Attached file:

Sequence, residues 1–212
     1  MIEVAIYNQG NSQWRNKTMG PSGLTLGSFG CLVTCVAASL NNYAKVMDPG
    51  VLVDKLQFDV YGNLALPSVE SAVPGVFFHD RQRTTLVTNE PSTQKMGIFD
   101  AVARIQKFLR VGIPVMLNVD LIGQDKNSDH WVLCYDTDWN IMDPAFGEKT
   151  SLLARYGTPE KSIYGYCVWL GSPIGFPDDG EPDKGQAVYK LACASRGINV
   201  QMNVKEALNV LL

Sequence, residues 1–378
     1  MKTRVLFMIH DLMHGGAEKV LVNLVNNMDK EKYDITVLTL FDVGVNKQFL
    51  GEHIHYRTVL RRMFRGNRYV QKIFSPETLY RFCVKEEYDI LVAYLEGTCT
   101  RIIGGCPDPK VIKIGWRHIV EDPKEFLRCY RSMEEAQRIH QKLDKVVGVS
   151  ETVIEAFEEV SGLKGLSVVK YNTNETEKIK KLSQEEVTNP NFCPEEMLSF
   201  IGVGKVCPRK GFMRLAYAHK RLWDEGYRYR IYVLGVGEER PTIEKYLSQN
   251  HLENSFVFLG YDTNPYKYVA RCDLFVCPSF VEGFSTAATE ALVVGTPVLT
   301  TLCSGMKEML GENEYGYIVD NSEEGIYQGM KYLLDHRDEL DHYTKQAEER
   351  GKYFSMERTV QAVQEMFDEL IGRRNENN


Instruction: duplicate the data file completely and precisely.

Sequence, residues 1–212
     1  MIEVAIYNQG NSQWRNKTMG PSGLTLGSFG CLVTCVAASL NNYAKVMDPG
    51  VLVDKLQFDV YGNLALPSVE SAVPGVFFHD RQRTTLVTNE PSTQKMGIFD
   101  AVARIQKFLR VGIPVMLNVD LIGQDKNSDH WVLCYDTDWN IMDPAFGEKT
   151  SLLARYGTPE KSIYGYCVWL GSPIGFPDDG EPDKGQAVYK LACASRGINV
   201  QMNVKEALNV LL

Sequence, residues 1–378
     1  MKTRVLFMIH DLMHGGAEKV LVNLVNNMDK EKYDITVLTL FDVGVNKQFL
    51  GEHIHYRTVL RRMFRGNRYV QKIFSPETLY RFCVKEEYDI LVAYLEGTCT
   101  RIIGGCPDPK VIKIGWRHIV EDPKEFLRCY RSMEEAQRIH QKLDKVVGVS
   151  ETVIEAFEEV SGLKGLSVVK YNTNETEKIK KLSQEEVTNP NFCPEEMLSF
   201  IGVGKVCPRK GFMRLAYAHK RLWDEGYRYR IYVLGVGEER PTIEKYLSQN
   251  HLENSFVFLG YDTNPYKYVA RCDLFVCPSF VEGFSTAATE ALVVGTPVLT
   301  TLCSGMKEML GENEYGYIVD NSEEGIYQGM KYLLDHRDEL DHYTKQAEER
   351  GKYFSMERTV QAVQEMFDEL IGRRNENN